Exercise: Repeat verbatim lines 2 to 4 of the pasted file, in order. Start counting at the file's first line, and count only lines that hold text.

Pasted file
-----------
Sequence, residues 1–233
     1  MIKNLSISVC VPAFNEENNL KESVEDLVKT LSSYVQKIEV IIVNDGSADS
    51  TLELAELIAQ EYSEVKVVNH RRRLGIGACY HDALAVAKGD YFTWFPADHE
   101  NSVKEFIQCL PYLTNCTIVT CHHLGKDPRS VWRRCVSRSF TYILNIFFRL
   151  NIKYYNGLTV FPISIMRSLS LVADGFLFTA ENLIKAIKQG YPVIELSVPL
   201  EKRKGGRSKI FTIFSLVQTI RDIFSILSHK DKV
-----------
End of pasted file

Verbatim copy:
     1  MIKNLSISVC VPAFNEENNL KESVEDLVKT LSSYVQKIEV IIVNDGSADS
    51  TLELAELIAQ EYSEVKVVNH RRRLGIGACY HDALAVAKGD YFTWFPADHE
   101  NSVKEFIQCL PYLTNCTIVT CHHLGKDPRS VWRRCVSRSF TYILNIFFRL